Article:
When the coronavirus emergency broke out, how and when were you called on for a contribution from TIM?
This emergency began in a very different way to the others: we went through a pre-emergency phase that allowed us to alert the entire organisation of our Crisis Management system from the moment that the first news of infection in China reached us.
On 31 January, when a state of national emergency was declared, I also participated in the Operational Committee convened by the Head of the Civil Protection Department Angelo Borrelli, chaired by Prime Minister Giuseppe Conte, with Health Minister Roberto Speranza. The meeting saw participation from all member organisations of the national Civil Protection Service, local bodies and providers of “essential services” for crisis management, such as TIM.
What are the specific characteristics of this emergency?
Every crisis is different from others, not only because of the kind of event that triggers it, the number of parties involved or the extent of the areas affected, but also because of the duration and number of critical cases that follow one another to become “emergencies within emergencies”.
Some of the particular characteristics of this situation are that it is not restricted to one geographical area – it affects the whole world – and that the post-emergency phase will certainly be much more complex than those we have experienced in the past.
Could you tell us how the crisis has progressed and what main measures were taken to manage it?
As soon as the emergency began, we activated the Defence and Civil Protection Operational Crisis Teams, TIM’s internal territorial crisis units made up of colleagues from departments essential in managing the situation. These teams operate in accordance with the strategic policy of the Crisis Management Committee, chaired by CEO Luigi Gubitosi, which met and continues to meet.
Our CEO has followed the development of the emergency constantly, giving a broad remit to the Departments involved. From the outset, we worked to ensure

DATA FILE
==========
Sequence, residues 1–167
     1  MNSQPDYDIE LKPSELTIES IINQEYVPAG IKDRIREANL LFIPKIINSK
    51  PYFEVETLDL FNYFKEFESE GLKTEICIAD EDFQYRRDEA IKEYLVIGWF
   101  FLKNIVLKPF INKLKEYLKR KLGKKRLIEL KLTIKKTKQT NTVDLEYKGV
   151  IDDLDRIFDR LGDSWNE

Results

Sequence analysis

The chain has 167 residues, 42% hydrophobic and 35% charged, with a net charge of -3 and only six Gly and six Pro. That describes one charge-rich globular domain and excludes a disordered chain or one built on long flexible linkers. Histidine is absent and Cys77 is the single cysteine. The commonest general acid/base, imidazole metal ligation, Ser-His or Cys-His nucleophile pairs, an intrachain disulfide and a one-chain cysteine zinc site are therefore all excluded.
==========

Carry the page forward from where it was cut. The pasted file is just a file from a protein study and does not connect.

• continuity and quality of service for the public, schools, businesses and institutions, and for the system of the country as a whole
• the greatest safeguards for the health of all Group employees.
We initially involved our Lombardy and Veneto teams, where the first “red zones” had been established. We involved all those of other regions immediately afterwards, when it became clear that the infection would spread. In particular, I recall the intense days of the weekend of 22 and 23 February, when I worked with the operational committee from early morning well into the evening, constantly distributing both the initial protective and preventative instructions for workplaces issued by the Ministry of Health and the institutional requests made to our crisis units. The “red zones” quickly gave way to larger quarantined areas and then nationwide lockdown; The epidemic was declared a pandemic on 11 March.
As with every emergency, you lose track of time and work without stopping with the sole aim of overcoming the crisis to the best of your ability, giving reliable, clear and concise answers and resolving all the problems that emerge over time, also through collaboration with other public and private organisations.
In these situations, dialogue with other “essential services” companies is fundamental: the interdependence of strategic infrastructure is actually a critical factor that should always be monitored.
How is the team of TIM people who have worked on this emergency with you made up?